'Brazil Square' nostalgia comes with a smile Stapleton's play "Brazil Square" will open at the LSPU Hall Jan.
14, under the direction of her longtime pal and collaborator, Amy House. With a 35 year "friendship, hateship, partnership, creationship and performer ship" between them, Stapleton is comfortable with completing the writing aspect of "Brazil Square" and House taking over. Inspired by some of Stapleton's childhood memories, "Brazil Square" is a comedy driven play about the eccentricities of the once iconic boarding house district of St. John's, an area that is no more, located in the spot now covered by the Delta hotel. "My family moved from Labrador to Marystown, and my uncle drove a taxi. He would bring people in to St. John's, which was a nine or 12 hour trip one way on a dirt road," said Stapleton, who was busy Tuesday morning working on last minute "Revue" rewrites, coach outlet locations yahoo after NDP Leader Lorraine Michael's resignation. The boarding houses of Brazil Square were always full of people from practically every background, Stapleton said. She remembers many specifically: newly arrived immigrants getting settled, businessmen, university students, people from around the bay on shopping trips or in town for doctor's appointments. "It was this fantastic little metropolis in St. John's," she says. Stapleton began writing "Brazil Square" three years ago, knowing she wanted to reflect a time that began in the area's heyday, and included the decline of boarding houses, with the development of hotels and bed and breakfasts and the changing face of the social landscape in St. John's. The staple is Petrina Bromley, who plays boarding coach handbags 2016 website house owner Mrs. Kent. Bromley was whom Stapleton had originally pictured in the role, and after her stint performing with the National Arts Centre during the 2013 14 season, the pieces fell in place for her to join the cast. "It's amazing to watch Petrina age as Mrs. Kent," said House, who is artistic animateur of the Resource Centre for the Arts Theatre Company and acknowledges being more used to performing than directing. "It's very magical for me to watch all the actors transform. I do believe the characters in each scene speak for themselves." House said she was attracted to the play upon her first reading of the script, before Stapleton had completed writing it. The images portrayed were so vivid, she said she had a clear vision for their production from the get go, enthralled by the period of time in the city and things that may seem strange nowadays, but were common practice. "In those days, people would be put in beds with strangers. It sounds hilarious, but we've talked to people and it's coach outlet handbags catalogue true they came in for university and maybe couldn't get into residence, so they got a taxi to Brazil Square and ended up in bed with a stranger," House said. "There's also a magic about the idea of sitting down to dinner in a boarding house. "We are doing a lot of laughing in rehearsal. It's a challenge, but there are very playful times." The entire play is carried by humour, but there's a sense of melancholy and nostalgia that always comes with reflection on the past, and in this case, on a neighbourhood that lost its value in society, despite the hard work and struggles of those who ran the rooming houses. "There's a sense of how we age in this province.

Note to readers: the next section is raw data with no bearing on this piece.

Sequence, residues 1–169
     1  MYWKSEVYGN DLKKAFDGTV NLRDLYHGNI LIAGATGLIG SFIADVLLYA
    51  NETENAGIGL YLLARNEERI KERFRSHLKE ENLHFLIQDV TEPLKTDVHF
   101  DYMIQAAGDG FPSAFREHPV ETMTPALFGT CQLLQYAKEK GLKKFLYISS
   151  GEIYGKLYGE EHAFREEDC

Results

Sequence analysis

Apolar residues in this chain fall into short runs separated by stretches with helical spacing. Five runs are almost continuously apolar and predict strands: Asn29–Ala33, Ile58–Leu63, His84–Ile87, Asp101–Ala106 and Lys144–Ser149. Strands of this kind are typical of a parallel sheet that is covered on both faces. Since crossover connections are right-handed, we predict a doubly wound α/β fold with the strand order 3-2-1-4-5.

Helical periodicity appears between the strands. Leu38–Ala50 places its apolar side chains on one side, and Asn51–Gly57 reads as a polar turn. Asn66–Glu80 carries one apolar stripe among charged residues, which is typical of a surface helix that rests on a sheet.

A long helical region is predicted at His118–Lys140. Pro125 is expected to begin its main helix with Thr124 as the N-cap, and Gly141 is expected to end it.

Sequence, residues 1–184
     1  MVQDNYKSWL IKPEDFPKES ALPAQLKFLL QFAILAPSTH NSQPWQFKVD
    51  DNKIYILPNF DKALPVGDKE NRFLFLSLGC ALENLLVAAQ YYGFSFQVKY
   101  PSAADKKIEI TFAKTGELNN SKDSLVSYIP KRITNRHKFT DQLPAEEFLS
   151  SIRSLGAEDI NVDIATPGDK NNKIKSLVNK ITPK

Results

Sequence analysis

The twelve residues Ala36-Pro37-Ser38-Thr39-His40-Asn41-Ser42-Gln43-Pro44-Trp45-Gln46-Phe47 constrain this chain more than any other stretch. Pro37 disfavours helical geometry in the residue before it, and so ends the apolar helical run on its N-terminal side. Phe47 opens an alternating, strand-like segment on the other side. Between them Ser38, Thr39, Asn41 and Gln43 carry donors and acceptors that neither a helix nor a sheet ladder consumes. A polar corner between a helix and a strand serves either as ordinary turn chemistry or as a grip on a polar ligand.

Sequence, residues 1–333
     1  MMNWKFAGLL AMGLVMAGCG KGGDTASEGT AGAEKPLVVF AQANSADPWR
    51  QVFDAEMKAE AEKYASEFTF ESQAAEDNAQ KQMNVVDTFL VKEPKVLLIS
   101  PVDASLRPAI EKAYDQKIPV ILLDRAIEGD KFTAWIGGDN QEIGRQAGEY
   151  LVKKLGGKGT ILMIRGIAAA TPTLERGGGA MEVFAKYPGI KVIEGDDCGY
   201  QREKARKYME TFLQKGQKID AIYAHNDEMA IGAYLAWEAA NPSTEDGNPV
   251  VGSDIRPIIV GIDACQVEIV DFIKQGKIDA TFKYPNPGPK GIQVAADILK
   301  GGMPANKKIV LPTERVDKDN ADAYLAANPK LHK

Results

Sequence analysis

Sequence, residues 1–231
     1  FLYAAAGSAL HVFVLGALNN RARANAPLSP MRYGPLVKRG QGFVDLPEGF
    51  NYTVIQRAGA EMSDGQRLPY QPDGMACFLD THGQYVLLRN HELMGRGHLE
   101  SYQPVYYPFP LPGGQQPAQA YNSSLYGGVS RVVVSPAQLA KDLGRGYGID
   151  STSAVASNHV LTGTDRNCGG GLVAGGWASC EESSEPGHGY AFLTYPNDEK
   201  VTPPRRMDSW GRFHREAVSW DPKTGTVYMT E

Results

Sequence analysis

Everything on the surface can be erased, but we carry our culture with us," Stapleton coach handbags outlet sale said. "We can watch a fence go up on the waterfront or a huge building transform our landscape, but it doesn't mean we forget who we are and where we came from.".
Prev: coach outlet purses quilted
Next: coach pocketbooks